"Now how much more incendiary language can you put into a statute?" she said. "How much more clearly can they be in the declaration that this is a war on unions, and I mean all of them?"
Senate labor committee Chairman Phil Boots, R-Crawfordsville, said the bill was aimed at putting into law the collective bargaining ban that Daniels implemented by executive order the day after he took office in 2005.
That action canceled labor agreements for about 25,000 state workers and reversed orders under Democratic governors the previous 16 years permitting such union contracts.
That bill stalled in the Senate because of concerns that it would prohibit collective bargaining by local government and university workers. Boots said that wasn't his intention and that he hoped to advance the state ban later this session.
Teacher unions unhappy with the GOP agenda say they are being targeted with proposals to limit contracts with local districts to wages and wage-related benefits -- and banning agreements on subjects such as teacher hiring and evaluation, student discipline and class sizes. A bill approved by a House committee would also prohibit payroll deductions by school districts for teacher union dues.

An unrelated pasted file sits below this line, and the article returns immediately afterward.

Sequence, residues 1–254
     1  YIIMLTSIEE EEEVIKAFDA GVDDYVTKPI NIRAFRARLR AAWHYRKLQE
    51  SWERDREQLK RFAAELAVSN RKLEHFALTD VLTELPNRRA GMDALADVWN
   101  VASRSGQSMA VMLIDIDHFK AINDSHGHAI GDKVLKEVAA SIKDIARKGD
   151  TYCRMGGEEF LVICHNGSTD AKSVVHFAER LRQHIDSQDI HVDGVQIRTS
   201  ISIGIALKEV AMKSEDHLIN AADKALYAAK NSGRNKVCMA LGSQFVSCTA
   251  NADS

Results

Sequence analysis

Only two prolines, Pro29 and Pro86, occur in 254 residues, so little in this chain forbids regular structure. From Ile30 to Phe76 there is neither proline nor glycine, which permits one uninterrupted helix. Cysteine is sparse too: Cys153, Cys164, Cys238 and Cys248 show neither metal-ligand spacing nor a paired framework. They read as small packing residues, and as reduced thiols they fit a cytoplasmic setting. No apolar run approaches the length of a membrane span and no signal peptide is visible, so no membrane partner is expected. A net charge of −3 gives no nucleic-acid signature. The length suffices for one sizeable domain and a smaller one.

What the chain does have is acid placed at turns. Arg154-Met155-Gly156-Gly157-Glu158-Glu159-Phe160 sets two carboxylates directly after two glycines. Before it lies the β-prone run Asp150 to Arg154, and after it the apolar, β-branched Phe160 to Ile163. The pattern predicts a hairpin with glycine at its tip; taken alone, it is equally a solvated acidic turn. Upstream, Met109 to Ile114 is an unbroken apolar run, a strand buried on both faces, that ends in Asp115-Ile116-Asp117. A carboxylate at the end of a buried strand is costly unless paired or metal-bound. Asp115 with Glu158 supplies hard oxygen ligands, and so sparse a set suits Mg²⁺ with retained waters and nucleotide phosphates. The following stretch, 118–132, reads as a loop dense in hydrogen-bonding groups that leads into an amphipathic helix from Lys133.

Boots said he wouldn't support a payroll deduction ban but that the limits on teacher union bargaining were needed along with other education proposals such as teacher merit pay and allowing state-funded vouchers for students to attend private schools.
"I don't think we get these other reform efforts put in place if we can't control the administration of the schools," he said.
Republicans have been able to move ahead with many of those issues because of a 12-House seat gain in the November election that gave them a 60-40 majority -- the biggest for either party in more than 25 years to go along with a GOP 37-13 super-majority in the Senate.
Democrats were able to repeal Indiana's right-to-work law in 1965, which was the last time their party controlled the governor's office and both chambers of the General Assembly as the GOP now does. But the GOP-led redistricting process could make the chances of Democrats regaining a majority in either chamber more remote.